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Mating Behavior, Sex Pheromone Responses, and Radiation Sterilization of the Greater Wax Moth (Lepidoptera: Pyralidae)

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Abstract:

Laboratory and field studies of mating behavior, sex pheromone responses, and radiation sterilization were conducted with Galleria mellonella (L.). Observations of the premating behavior of the moths in the wind tunnel indicated that stationary calling males produce 0.5- to 1-sec bursts of wing fanning and are then closely approached by attracted females. Sperm was transferred to the spermathaeca of females without transfer of a spermatophore in 32% of the matings. Only one type of sperm was found in mated females. Weight loss studies showed that hollow polyethylene caps containing 0.2 ml of the pheromone (7:3 ratio of nonanal-undecanal) had a half-life of 18 days, with an emission rate of ca. 4.7 mg/day (27°C). Wind tunnel tests indicated that polyethylene caps containing either a 1:1 or 7:3 ratio of components were as effective as three male moths used as bait in delta traps for catching released virgin female moths (ca. 50% recovery of females within 48 h). However, captures of native female wax moths in an apiary, using traps baited with the pheromone, indicated that the combination was not effective. Subsequent recoveries of laboratory females sterilized by 20 krad of gamma radiation and released in the apiary were 1 and 2%. Releases of laboratory females into greenhouses (3 by 4 m) containing traps baited with either three live males or pheromone baits indicated that males were significantly more attractive than the pheromone baits (16.5% vs. 4.2% recovery, respectively). These results indicate that the pheromone bait tested is not attractive beyond a few meters.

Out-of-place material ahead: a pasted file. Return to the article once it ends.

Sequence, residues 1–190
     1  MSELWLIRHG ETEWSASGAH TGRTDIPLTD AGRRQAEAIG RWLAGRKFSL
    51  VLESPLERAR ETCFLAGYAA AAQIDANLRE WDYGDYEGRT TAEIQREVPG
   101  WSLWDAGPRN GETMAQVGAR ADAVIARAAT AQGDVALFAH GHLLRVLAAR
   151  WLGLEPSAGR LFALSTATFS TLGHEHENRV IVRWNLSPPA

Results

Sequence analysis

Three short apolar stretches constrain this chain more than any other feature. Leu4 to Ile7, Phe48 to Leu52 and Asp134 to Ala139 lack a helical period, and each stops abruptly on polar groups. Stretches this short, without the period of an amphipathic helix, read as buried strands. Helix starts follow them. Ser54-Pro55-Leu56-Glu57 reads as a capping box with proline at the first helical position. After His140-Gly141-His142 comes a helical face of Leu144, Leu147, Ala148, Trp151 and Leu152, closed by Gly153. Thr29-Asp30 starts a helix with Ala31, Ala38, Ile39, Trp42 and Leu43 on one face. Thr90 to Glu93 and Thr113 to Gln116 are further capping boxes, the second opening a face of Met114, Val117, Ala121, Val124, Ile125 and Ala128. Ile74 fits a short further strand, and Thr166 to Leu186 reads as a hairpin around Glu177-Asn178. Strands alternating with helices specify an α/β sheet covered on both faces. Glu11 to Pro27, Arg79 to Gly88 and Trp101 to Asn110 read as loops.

Document Type: Research Article

Publication date: June 1, 1983

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  • Journal of Economic Entomology is published bimonthly in February, April, June, August, October, and December. The journal publishes articles on the economic significance of insects and is divided into the following sections: apiculture & social insects; arthropods in relation to plant disease; forum; insecticide resistance and resistance management; ecotoxicology; biological and microbial control; ecology and behavior; sampling and biostatistics; household and structural insects; medical entomology; molecular entomology; veterinary entomology; forest entomology; horticultural entomology; field and forage crops, and small grains; stored-product; commodity treatment and quarantine entomology; and plant resistance. In addition to research papers, Journal of Economic Entomology publishes Letters to the Editor, interpretive articles in a Forum section, Short Communications, Rapid Communications, and Book Reviews.
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